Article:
Coronavirus

Study: COVID Leadership Could Have Saved 240,000 lives

SK Ashby
Written by SK Ashby

To some extent it's obvious that the coronavirus pandemic did not have to be as bad as it has been and that many lives could have been saved if the Trump regime took it seriously, but a new study has put a number to it.

Researchers at University of California, Los Angeles say our current death toll of over 540,000 would have been significantly lower if we had adopted national safety standards last summer.

And this also seems obvious, but they say sporadically relaxing safety restrictions only to impose them again when infections jump contributed to the death toll.

U.S. COVID-19 fatalities could have stayed under 300,000, versus a death toll of 540,000 and rising, if by last May the country had adopted widespread mask, social distancing, and testing protocols while awaiting a vaccine, estimated Andrew Atkeson, economics professor at University of California, Los Angeles.

He likened the state-by-state, patchwork response to a car’s cruise control. As the virus worsened people hunkered down, but when the situation improved restrictions were dropped and people were less careful, with the result that “the equilibrium level of daily deaths ... remains in a relatively narrow band” until the vaccine arrived.

A lack of leadership from the federal government under Trump gave the coronavirus a lot more room to spread than it should have, but our economic response was also ineffective, they say, and they point toward one specific program that was especially problematic.

If you've paid any attention at all you probably know how I feel about the Paycheck Protection Program, but this is the first time I've seen academics blast the program.

The economic response, while mammoth, also could have been better tailored, argued University of California, Berkeley economics professor Christine Romer. [...]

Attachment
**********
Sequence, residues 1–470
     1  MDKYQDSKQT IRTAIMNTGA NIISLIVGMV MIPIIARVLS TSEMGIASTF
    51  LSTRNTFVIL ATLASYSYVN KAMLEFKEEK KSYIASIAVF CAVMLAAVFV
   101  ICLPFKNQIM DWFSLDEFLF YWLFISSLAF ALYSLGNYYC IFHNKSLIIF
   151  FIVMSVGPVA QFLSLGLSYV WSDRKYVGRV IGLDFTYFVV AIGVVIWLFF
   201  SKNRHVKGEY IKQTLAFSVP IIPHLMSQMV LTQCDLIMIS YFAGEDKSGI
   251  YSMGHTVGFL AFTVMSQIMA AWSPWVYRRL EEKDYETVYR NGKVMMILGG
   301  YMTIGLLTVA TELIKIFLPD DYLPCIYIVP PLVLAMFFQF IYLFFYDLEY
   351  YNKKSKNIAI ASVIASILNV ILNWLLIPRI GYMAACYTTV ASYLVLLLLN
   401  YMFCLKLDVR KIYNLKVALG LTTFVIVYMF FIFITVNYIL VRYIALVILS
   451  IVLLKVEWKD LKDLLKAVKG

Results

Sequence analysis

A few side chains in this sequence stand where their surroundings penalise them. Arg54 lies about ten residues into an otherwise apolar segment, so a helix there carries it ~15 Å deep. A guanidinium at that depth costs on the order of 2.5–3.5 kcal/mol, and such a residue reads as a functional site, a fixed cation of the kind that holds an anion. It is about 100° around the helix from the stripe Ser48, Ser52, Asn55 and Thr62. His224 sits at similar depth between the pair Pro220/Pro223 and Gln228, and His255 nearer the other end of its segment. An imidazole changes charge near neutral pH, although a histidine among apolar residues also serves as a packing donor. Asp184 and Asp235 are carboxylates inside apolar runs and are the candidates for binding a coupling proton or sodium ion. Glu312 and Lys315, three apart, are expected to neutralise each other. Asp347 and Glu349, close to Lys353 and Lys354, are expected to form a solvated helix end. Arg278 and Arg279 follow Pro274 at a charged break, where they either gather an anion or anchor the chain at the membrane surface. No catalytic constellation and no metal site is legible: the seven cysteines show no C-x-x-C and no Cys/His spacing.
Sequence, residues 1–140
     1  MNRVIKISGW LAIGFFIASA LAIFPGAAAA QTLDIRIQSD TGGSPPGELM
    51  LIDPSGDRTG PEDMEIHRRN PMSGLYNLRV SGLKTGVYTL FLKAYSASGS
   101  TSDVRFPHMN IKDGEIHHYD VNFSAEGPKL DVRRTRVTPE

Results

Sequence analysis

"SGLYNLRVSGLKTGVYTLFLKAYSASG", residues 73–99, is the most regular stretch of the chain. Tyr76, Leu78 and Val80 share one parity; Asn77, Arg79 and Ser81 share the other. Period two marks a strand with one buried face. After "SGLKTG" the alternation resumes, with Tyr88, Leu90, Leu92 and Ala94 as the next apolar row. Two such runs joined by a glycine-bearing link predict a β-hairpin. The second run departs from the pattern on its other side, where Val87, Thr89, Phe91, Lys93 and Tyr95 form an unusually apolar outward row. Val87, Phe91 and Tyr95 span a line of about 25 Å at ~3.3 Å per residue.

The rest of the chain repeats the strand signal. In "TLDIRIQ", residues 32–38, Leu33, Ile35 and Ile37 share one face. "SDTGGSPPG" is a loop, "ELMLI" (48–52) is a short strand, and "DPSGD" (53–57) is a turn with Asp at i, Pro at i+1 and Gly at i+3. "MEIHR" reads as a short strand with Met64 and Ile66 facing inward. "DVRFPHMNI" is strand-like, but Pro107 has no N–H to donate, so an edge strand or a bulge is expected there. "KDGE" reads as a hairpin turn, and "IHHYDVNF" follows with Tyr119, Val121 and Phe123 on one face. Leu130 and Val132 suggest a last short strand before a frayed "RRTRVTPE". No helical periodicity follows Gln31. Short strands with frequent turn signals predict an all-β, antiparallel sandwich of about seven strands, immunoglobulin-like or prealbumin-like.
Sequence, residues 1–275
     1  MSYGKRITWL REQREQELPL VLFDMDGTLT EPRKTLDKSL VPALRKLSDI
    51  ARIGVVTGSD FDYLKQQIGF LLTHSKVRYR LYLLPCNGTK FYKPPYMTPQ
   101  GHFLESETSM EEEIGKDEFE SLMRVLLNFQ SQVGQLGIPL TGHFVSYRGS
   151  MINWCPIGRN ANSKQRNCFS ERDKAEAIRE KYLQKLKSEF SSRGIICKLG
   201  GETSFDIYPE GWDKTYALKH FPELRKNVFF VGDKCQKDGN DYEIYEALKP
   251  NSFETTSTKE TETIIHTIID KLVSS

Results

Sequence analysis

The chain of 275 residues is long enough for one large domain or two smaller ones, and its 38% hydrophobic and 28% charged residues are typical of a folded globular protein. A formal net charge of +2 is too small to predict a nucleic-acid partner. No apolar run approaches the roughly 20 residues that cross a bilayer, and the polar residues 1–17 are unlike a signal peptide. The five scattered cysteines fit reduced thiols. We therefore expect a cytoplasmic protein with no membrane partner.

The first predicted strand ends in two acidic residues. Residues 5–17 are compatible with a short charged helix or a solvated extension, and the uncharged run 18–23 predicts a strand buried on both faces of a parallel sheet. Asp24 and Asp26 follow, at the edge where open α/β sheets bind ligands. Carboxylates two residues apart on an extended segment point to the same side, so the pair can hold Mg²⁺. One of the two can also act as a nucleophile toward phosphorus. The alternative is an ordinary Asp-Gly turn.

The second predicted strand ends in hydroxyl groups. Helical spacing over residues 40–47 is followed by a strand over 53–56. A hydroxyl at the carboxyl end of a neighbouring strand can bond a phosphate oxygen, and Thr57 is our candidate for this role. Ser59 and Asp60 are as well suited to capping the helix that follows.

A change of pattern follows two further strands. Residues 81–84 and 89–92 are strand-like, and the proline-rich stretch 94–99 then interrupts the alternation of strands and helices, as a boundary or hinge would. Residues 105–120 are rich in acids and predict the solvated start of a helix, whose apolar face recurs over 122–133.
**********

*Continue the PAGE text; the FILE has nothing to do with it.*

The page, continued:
While she said the federal government’s more than $5 trillion in pandemic-related spending won’t likely trigger a fiscal crisis, she worries that higher-priority investments will be deferred because of allocations to initiatives like the Paycheck Protection Program.

Those forgivable small business loans were “an interesting and noble experiment,” but were also “problematic on many levels,” including an apparent cost of hundreds of thousands of dollars for each job saved, she said.

We flushed nearly $700 billion down the toilet through multiple rounds of Paycheck Protection funding and while at least some legitimate businesses in need were helped by the program, I don't think there's much doubt that the money could have been used more wisely.

We don't need a study to tell us the Trump regime was a disaster, but this analysis ought to be considered and cited when Trump wannabes hit the campaign trail. Electing Republicans is mortally dangerous and bad for your health. As far as they're concerned, Donald Trump was the greatest president in the history of ever and he should be emulated.

Don't vote for people who want you broke and dead.